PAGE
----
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and vs. or

Posted: Sat Feb 09, 2019 9:24 pm
by azz
a. We can't all be managers, bankers, professors, researchers, teachers, nurses, doctors and lawyers. Some of us have to do manual labor.
b. We can't all be managers, bankers, professors, researchers, teachers, nurses, doctors or lawyers. Some of us have to do manual labor.


Which of the above sentences is grammatically correct and makes sense?

Obviously, the idea is not that each of us can't be all of those things at the same time. The speaker has a situation in mind where each person has one job. But it seems to me that (a) is saying each person can't be all of those things at the same time. I think (b) is the correct one, but I wonder if people don't use (a) instead of (b).

Many thanks.

Re: and vs. or

Posted: Sun Feb 10, 2019 3:09 am
by Erik_Kowal
Both sentences are grammatical.

Logically, people ought to say b), but often say a). However, because everyone who hears such an utterance intuitively understands that nobody has all those occupations at the same time, it's a case of a distinction that makes no difference.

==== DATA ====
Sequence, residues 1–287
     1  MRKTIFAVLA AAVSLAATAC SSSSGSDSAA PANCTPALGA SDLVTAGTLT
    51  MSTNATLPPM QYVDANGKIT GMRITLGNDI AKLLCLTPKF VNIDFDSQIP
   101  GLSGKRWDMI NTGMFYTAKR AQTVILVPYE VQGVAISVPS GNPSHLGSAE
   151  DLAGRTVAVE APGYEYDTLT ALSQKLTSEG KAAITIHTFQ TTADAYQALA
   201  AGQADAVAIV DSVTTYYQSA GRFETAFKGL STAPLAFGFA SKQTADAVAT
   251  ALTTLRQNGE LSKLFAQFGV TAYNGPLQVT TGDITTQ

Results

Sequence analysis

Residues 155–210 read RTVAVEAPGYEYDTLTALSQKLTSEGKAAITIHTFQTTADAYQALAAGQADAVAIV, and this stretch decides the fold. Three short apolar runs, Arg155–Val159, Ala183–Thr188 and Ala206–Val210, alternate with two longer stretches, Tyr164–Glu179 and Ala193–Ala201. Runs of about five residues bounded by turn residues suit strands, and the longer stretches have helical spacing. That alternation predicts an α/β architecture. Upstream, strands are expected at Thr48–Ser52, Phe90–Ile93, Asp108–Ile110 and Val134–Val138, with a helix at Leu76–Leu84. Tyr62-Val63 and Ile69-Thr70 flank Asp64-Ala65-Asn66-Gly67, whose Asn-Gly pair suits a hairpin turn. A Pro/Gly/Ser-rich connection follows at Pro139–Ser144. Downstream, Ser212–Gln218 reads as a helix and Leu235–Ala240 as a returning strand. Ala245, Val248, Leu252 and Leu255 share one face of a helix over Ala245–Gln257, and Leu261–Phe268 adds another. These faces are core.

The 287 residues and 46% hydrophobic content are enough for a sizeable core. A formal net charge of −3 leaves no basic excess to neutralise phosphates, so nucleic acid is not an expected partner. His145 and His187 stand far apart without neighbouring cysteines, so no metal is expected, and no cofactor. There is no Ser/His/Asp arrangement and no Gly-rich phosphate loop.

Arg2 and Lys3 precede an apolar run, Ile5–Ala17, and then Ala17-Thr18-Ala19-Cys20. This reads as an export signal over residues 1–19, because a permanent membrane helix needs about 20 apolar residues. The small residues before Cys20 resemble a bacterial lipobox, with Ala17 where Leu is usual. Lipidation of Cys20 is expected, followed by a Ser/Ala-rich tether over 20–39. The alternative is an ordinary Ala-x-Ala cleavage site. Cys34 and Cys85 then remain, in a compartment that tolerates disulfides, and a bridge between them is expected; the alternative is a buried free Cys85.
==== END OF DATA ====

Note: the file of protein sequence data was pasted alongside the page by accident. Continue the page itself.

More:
Re: and vs. or

Posted: Sun Feb 10, 2019 6:47 pm
by Phil White
It's an interesting one. I run up against this one at least a two or three times a week in my translation work from German to English.

Erik's comments are valid.

Although German has "und" (and) and "oder" (or), most writers will invariably use "und" in sentences of the kind you offer. I invariably write "or" when I translate them. I have a feeling that, the shorter the list, the more likely we would be to prefer "or", not because of the precise semantics of "and" and "or", but more because "or" gives an "open-ended" sense to the list. Just my gut feeling.